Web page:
I haven't had a issue with water draining out but I was thinking maybe it would be a good idea to buy a length of electrical white conduit and lay that in the bottom between the B/H's and maybe drill lots of holes in it just incase.  I hope this helps

 Cheers Quin      

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Thank's Quin that is a great idea Sikaflex 291 is that the stuff?  with the new hatch up the front will it be ok to put it in behind the front beam..

the glassing of the crossbeams upside down l will also attempt as it looks and feels quiet weak it that area, the glass is still attached to the foam as far as l can see so there is a good surface to pump the sika down onto... cheers and thanks again for your help..

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Hi Peter

A hatch behind the front beam is ok, Most Windrush have one there. Just set it back from the beam say around 5cm. But to get access to the front you will also need to also put a hatch up the front or cut a access hole that you can replace. Its easier to just put a hatch in up as far as you can. You say the glass is still stuck to the foam??? The foam should be just glued in?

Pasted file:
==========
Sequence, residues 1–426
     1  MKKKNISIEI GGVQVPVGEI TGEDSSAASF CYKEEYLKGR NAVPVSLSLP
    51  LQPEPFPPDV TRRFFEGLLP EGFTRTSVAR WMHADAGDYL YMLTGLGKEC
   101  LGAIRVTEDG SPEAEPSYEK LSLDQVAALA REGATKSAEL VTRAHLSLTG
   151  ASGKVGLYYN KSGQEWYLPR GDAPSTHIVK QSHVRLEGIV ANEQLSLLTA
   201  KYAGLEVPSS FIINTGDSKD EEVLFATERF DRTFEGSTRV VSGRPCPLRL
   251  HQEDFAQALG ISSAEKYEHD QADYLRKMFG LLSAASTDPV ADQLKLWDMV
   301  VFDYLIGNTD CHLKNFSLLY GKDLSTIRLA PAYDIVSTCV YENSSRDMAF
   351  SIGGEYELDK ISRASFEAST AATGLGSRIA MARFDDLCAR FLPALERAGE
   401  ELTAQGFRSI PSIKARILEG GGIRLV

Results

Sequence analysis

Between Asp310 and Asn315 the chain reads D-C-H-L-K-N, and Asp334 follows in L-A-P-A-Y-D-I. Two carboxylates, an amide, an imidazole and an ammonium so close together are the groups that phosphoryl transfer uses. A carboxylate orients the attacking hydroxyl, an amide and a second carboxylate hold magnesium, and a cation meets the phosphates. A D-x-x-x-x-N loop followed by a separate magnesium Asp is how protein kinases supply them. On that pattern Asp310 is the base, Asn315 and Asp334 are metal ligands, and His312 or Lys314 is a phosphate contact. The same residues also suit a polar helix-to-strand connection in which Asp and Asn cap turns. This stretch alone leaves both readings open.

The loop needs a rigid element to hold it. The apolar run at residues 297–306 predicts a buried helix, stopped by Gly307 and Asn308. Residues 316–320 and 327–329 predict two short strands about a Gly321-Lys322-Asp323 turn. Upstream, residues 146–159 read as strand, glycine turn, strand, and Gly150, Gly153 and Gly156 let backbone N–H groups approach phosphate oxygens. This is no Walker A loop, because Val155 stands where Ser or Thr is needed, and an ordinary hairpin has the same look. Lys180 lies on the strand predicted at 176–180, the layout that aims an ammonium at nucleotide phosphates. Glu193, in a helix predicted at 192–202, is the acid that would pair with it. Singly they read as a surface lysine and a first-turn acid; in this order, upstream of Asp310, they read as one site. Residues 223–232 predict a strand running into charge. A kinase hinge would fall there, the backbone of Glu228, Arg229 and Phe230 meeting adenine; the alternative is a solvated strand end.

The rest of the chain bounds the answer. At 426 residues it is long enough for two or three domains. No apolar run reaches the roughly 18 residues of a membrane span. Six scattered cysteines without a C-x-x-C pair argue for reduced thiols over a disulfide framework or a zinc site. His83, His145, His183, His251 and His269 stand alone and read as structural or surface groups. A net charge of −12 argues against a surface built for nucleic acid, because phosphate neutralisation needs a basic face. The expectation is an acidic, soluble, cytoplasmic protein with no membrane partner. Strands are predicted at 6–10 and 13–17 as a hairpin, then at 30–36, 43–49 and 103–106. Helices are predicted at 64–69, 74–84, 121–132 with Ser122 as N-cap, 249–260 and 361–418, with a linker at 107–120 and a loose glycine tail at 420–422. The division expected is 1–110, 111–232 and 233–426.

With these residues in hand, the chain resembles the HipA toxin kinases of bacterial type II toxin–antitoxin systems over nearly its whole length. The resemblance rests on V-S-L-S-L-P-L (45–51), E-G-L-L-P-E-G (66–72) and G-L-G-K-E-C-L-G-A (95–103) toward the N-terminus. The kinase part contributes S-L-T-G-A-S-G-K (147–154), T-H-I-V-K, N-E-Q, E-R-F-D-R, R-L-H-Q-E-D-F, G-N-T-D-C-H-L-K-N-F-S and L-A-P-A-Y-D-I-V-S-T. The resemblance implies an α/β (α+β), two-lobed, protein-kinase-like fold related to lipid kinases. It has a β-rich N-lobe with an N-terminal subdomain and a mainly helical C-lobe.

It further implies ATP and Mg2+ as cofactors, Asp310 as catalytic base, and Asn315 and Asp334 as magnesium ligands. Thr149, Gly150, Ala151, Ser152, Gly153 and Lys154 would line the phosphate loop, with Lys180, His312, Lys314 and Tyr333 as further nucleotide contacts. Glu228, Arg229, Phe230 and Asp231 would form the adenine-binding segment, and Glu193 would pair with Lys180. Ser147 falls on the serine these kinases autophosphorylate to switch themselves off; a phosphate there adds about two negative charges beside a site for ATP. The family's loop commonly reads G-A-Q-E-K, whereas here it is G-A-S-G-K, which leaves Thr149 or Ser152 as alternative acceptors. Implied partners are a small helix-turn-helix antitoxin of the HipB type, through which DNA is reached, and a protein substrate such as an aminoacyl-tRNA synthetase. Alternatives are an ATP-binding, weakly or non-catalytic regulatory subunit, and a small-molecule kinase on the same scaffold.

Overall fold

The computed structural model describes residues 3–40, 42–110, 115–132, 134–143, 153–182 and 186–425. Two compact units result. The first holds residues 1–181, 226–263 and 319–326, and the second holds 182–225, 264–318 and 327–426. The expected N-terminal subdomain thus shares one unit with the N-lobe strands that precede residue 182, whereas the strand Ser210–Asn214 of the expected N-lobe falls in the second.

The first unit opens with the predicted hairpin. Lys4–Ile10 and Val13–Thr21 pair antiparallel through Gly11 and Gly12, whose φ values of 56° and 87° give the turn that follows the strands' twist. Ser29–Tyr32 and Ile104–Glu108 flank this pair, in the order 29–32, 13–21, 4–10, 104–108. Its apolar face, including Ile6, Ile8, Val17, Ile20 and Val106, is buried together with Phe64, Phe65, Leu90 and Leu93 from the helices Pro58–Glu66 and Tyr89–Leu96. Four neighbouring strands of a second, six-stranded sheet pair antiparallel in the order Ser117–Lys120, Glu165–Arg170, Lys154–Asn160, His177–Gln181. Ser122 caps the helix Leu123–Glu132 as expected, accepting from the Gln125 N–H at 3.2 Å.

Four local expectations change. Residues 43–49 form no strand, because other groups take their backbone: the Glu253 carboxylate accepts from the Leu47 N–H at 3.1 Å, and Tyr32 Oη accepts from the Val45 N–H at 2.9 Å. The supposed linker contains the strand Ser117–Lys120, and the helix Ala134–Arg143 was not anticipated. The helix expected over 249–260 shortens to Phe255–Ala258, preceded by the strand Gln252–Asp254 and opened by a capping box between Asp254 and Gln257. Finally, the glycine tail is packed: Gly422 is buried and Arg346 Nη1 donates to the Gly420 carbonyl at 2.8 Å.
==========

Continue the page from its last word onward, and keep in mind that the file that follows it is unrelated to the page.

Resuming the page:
Has your boat got any numbers stamped into the small flat alloy area where the back beam bolts on?? Its just that fiberglass tends to melt the foam. Depends what you use.

Cheers   

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Hi there...there is fiberglass tape fixed to the foam that has separated from the hull so most of the foam is loose at this stage..

Can't find any numbers on the castings..

the sail number and also on the rear beam 4547... name on boat CYRANO 11.

Not that that will help much but sail Number might help with age..cheers

and yes they may have used epoxy on the tape on the foam because it is yellow like epoxy goes..cheers. l will post a pic..

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Interesting !!! There was a run of boats before the bulkhead ones that apparently the factory did the foam attachment this way. They are lighter than the older ones and do have some extra glass around the beam attachments on the inside of the hulls, (always could do with more though). A photo of the underside of the beam area would confirm. They are the best of the pre foam Windrush boats. Stick the blocks in properly and you will have a competitive boat.